Base packages for all users

Hi all,

I’m an administrator of a shared compute cluster, and I’d like to provide a few packages in a sort of “base environment” for all users on the system. What’s the recommended workflow for this?

Specifically, I’d like to have MPI.jl and CUDA.jl pre-installed for all users, so I can make sure they’re configured correctly for our system.

Many thanks,

Ron Rahaman
Research Scientist II
Partnership for an Advanced Computing Environment (PACE)
Georgia Institute of Technology


Hi! Welcome!

At NERSC they have JULIA_DEPOT_PATH and JULIA_LOAD_PATH pointing to a place where they installed the packages. When you do module load julia these environment variables get defined, so when you use Julia you have access to those packages. They do it especifically for things like MPI.jl
Unfortunately I am not familiar with the specifics.


@RonRahaman - you are at GT?
Cool, I am at GTRI.
If you could DM me your email, we could set up a time to chat - happy to assist. :slight_smile:

~ tcp :deciduous_tree:

1 Like

Doesn’t DEPOT path cause compilation of packages like IJulia to error because they try to write to read-only path?

Edit: Moved to PM

You can have multiple depots, and I seem to remember only the first one is supposed to be writable.


That would make sense. In nersc the first entry is the user depot.


Is this documented anywhere?

1 Like

Ah! Thanks. I was reading this one Environment Variables · The Julia Language

One problem I see with your goal is that most packages are in active development and they have new releases every few weeks. If you want to provide in the system depot only one version for each package, the odds that users will use precisely that one are very low.

Thanks all! I think I understand JULIA_LOAD_PATH now. From the docs, I see that setting JULIA_LOAD_PATH will prepend JULIA_LOAD_PATH to the default load path.

That’s not exactly what I want, since I’d like the packages in ~/.julia to have higher precedence than the site packages (in case the users want a different configuration than the site packages). But I can mess around with it.

Yes, that about sums up my life as an admin. :slight_smile: The best solution IMO would be for ~/.julia to take precedence over the directory for my site package. Looks like simply setting JULIA_LOAD_PATH and JULIA_DEPOT_PATH to my site directory will not establish my desired precedence, though.

Again, disclaimer: I am only a user in a cluster.

At NERSC I regularly don’t use the module so I use only my own installed packages. However, the time I used the module it works like this.

If I only do using MPI it will load the systemwide module.
If I dare to do ]add MPI and then using MPI, my locally installed package will have precedence.

If you are not interested in the systemwide modules you just can avoid loading the module julia.

Seems kind of what you want to do? But It is not ideal, to be honest. So far using the arctifacts have worked relatively well for me but I have not tested if using the systemwide installs of MPI, NetCDF etc would have better performance because those are linked to the vendor-optimized libraries.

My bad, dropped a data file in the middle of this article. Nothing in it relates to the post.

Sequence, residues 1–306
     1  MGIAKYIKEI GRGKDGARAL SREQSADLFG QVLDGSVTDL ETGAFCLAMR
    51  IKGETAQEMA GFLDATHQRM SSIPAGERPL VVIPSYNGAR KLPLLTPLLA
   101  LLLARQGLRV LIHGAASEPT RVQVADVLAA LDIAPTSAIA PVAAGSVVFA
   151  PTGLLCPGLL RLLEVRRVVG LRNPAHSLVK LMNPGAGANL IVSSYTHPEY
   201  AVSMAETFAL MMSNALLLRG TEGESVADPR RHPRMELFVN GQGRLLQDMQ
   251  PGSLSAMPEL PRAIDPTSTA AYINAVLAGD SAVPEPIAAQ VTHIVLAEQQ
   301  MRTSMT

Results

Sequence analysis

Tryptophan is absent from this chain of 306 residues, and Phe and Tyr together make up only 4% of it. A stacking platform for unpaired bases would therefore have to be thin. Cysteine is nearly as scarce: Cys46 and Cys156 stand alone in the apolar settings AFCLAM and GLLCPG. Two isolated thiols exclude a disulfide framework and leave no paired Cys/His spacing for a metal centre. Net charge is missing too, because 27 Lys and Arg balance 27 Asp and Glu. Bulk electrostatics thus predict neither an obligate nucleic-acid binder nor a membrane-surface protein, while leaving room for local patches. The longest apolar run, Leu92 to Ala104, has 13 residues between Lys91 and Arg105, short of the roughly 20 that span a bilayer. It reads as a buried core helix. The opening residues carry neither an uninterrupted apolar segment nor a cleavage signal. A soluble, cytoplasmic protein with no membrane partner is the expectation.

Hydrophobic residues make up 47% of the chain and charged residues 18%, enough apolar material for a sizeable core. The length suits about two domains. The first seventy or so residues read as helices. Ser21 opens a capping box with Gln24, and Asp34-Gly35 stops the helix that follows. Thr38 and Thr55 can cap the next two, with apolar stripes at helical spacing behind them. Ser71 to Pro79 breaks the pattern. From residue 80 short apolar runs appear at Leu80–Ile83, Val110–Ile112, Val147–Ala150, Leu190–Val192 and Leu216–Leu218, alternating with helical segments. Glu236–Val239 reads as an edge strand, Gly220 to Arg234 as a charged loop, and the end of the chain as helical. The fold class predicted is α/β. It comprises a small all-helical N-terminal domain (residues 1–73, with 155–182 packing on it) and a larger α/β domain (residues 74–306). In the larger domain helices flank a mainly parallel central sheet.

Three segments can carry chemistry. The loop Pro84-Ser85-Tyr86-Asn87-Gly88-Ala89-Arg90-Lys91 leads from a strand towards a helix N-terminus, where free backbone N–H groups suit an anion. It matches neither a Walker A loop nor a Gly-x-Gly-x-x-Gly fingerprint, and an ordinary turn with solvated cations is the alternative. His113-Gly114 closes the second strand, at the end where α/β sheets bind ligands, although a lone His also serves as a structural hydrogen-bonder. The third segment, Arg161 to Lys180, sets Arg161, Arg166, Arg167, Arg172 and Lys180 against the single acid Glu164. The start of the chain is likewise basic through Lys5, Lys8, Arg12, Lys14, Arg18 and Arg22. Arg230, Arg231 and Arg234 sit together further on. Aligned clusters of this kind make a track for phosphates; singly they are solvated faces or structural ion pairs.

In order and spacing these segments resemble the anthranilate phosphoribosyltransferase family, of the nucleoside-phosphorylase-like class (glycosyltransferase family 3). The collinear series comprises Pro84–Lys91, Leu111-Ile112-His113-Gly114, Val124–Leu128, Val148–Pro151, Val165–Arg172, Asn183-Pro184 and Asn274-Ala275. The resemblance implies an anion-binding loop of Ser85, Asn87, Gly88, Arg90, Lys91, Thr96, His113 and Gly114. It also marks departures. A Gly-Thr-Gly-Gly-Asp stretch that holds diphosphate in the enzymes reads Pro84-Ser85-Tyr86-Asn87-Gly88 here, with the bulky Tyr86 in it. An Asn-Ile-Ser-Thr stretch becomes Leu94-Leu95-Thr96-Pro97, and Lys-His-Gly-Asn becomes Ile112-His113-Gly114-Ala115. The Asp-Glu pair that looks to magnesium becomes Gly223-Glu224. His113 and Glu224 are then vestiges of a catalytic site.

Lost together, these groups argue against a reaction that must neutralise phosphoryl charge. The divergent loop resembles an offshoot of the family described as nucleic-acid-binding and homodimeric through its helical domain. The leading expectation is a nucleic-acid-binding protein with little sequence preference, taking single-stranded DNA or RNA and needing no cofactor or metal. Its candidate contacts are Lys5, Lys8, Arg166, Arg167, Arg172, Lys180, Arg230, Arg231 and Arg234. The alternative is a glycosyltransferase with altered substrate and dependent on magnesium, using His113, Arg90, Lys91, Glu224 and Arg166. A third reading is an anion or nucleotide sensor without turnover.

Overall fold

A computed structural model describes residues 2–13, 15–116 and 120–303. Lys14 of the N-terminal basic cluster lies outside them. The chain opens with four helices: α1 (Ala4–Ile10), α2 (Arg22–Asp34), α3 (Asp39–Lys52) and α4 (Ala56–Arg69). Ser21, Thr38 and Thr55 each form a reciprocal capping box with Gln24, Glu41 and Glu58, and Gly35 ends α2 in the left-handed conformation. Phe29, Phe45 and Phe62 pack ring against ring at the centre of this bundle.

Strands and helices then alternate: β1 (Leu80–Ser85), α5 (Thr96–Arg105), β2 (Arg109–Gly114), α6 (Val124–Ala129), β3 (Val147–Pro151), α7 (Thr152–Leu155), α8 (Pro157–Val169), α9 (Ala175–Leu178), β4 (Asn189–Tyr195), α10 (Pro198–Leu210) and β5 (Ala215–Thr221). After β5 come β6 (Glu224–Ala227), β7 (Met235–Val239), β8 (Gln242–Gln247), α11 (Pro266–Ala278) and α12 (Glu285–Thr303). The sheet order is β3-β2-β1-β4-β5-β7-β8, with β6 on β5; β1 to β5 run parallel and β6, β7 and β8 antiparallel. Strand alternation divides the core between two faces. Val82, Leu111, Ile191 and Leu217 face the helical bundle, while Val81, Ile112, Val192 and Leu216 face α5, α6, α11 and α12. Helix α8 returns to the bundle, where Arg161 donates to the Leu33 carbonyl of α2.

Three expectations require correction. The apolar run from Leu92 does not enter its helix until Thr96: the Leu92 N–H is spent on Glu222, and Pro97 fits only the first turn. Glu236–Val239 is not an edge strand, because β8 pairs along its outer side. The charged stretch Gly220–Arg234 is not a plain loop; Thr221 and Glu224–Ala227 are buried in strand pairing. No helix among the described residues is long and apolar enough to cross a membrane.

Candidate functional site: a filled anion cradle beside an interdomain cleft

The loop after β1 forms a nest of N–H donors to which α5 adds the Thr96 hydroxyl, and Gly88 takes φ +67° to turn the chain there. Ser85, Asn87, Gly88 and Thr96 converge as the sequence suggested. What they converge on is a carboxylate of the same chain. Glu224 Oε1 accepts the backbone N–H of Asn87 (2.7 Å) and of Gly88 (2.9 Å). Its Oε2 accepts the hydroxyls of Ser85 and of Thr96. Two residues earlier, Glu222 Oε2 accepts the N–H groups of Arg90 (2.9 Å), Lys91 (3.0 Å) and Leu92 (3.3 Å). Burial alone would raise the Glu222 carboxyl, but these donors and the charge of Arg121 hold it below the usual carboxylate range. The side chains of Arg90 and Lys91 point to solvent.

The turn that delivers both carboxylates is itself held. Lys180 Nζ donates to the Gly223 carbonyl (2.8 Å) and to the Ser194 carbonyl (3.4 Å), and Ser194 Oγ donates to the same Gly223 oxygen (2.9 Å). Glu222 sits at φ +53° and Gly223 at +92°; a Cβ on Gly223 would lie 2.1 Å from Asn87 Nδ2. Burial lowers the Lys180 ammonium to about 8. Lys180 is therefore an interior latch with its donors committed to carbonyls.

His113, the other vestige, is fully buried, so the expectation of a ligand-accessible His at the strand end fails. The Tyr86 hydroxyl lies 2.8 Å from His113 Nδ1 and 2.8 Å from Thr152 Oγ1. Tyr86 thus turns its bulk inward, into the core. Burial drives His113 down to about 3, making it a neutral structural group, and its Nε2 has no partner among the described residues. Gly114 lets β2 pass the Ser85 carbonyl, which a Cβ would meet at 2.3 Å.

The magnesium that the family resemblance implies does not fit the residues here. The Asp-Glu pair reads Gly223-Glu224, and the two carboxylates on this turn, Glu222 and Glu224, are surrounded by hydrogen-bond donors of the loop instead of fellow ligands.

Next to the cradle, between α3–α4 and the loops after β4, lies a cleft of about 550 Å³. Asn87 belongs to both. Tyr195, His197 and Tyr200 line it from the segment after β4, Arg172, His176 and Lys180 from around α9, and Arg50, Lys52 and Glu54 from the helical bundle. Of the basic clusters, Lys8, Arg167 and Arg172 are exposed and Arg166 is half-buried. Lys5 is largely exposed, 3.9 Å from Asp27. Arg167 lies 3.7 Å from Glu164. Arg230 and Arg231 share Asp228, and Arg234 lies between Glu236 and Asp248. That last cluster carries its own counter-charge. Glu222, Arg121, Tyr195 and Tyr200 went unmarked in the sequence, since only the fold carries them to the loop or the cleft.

So far using the arctifacts have worked relatively well for me but I have not tested if using the systemwide installs of MPI, NetCDF etc would have better performance because those are linked to the vendor-optimized libraries.

I think my primary concern is the burden on the users to configure it properly. It’s good to know that ]add MPI works well for you.

I’m a little concerned with CUDA.jl, though. A manual installation could end up being a bad experience for the users: I would need to make sure that the users load the CUDA toolkit module correctly before they run ]add CUDA, and the CUDA toolkit is not available on every node, and lots more nonsense. So I think that is definitely a good candidate for a systemwide install with properly managed modules and packages.

Contrary to some of the languages traditionally used in research computing environments (I’m thinking of C/C++ and Fortran), Julia actually comes with a decent package manager, so using versions of packages different from those provided by the environment is even more common.

I don’t think you want to touch JULIA_LOAD_PATH at all, but only the depot. For that,


should achieve the desired effect.


Would it be possible for the admin to provide a Julia system image with Cuda and MPI compiled, and, perhaps, block the installation of different versions of these packages?

Of course users can still have their local Julia and do what they want, but having a sys image with those packages included in a HPC environment sounds practical.

I looked at the docs again, and I think I finally understand the behavior of JULIA_DEPOT_PATH="${JULIA_DEPOT_PATH}:/foo/bar" when JULIA_DEPOT_PATH is not defined. That does indeed seem to be what I want. Thanks again!

1 Like

Great question. If possible, can you mark a post as a solution to help others down the line? Thanks.

1 Like

Hopefully I add something to the debate here. We mention “traditional” HPC languages C/C++ and Fortran.
texas TACC have developed XALT which tracks the executables and libraries which are REALLY being used in an HPC environment. If I recall, this works by prepending a library path when a job is run. Please have a look at it.

Something tells me that it probably does not work very well with a Julia environment - though I could be wrong.

Just like Python script will run under python, Julia scripts will run under julia. So XALT will not tell you much about the actual application being run, except if you also look at the arguments passed.

In general, at our HPC site most users run the precompiled packages we provide them (e.g. GROMACS), so that doesn’t really relate to the language used, as users themselves don’t pick it. We currently only see a trickle of Julia users, but I intend to look closer at the XALT stats on that in the near future.